County takes steps to improve support for children with SEND

Work to improve support for children with Special Educational Needs and Disabilities (SEND) is being stepped up in Oxfordshire.

A report on the roll-out of new national reforms in the county, published today by Ofsted and the Care Quality Commission, calls for better planning for children with SEND and raises concerns over exclusion rates at mainstream schools. It also confirms educational outcomes for children and young people with SEND are improving and that children feel happy and well cared-for when receiving local services.

Both Oxfordshire County Council and the Oxfordshire Clinical Commissioning Group (CCG) accept the findings and have already taken steps to address the issues raised.

These include strengthening leadership across both organisations and a stronger focus on the quality and timeliness of Education, Health and Care (EHC) plans, which underpin the support provided for families.

Steps are also being taken to provide more effective support – and stronger challenge - for mainstream schools to reduce exclusion rates for pupils with special educational needs.

“Best possible start in life”

Oxfordshire County Council’s Cabinet Member for Education Hilary Hibbert-Biles said: “Children with special educational needs and disabilities deserve the best possible start in life and we are determined to deliver these improvements alongside our health partners. This is a new national inspection framework and many of the issues highlighted in Oxfordshire are being flagged up elsewhere in the country.”

She added: “It’s important to remember that Oxfordshire is among the very poorest government-funded areas for education in terms of per-pupil funding, which has a bearing on the ability of schools and local agencies to bring in specialist support. For instance, we receive £17m less in ‘high needs’ funding than neighbouring Buckinghamshire, despite being a slightly larger county with higher levels of deprivation. This is something I am continuing to lobby central government over.”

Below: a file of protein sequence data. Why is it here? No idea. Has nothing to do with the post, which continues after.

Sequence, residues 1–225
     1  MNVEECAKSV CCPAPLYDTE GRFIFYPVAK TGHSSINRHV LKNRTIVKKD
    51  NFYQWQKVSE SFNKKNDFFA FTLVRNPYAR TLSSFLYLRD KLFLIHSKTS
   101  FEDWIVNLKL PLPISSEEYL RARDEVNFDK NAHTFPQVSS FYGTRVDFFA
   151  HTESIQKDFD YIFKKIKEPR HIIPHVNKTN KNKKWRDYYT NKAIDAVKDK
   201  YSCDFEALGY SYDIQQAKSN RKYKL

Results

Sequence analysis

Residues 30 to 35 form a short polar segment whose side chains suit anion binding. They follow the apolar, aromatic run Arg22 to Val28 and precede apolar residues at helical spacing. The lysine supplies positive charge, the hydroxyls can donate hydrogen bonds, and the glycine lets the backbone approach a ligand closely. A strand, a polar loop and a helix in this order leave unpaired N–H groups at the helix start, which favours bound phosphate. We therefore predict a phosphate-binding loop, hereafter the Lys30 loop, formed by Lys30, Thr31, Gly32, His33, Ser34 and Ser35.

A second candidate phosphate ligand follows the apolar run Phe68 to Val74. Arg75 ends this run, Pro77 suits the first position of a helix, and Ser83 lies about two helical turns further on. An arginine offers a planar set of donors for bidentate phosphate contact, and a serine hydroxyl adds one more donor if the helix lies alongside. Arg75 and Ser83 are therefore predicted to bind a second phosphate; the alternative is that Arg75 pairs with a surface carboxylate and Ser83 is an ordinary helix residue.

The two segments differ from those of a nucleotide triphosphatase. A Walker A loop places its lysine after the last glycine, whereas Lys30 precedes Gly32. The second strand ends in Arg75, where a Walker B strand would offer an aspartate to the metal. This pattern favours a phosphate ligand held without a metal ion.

Sula Wiltshire, Oxfordshire Clinical Commissioning Group’s director of quality and lead nurse, said: “We accept the report and the additional work that we need to do. We welcome this external review and are pleased to see the strengths identified in the report as well as those areas that need further work.

“We acknowledge there are improvements needed and we are working with our partners to ensure these are prioritised so that our most vulnerable children and young people in Oxfordshire have the joined up services they need and deserve.”

Parent-Carer Voices

Stephanie Harrison of Oxfordshire Parent-Carer Voices said: “The findings of this joint inspection not only identify the areas of strength within the County’s provision but also highlight some of the shortcomings of the service, echoing the concern expressed by many parents.

This should be seen as a positive report and I believe the implementation of the recommendations will provide the impetus and support needed to bring about genuine and lasting improvements to SEND provision within the County.”

She added: “Oxfordshire has a strong reputation for co-production - where parent Carers and young people are seen by professionals as equal partners - and this report highlights the need to cement that approach between service user and service provider, in all settings.”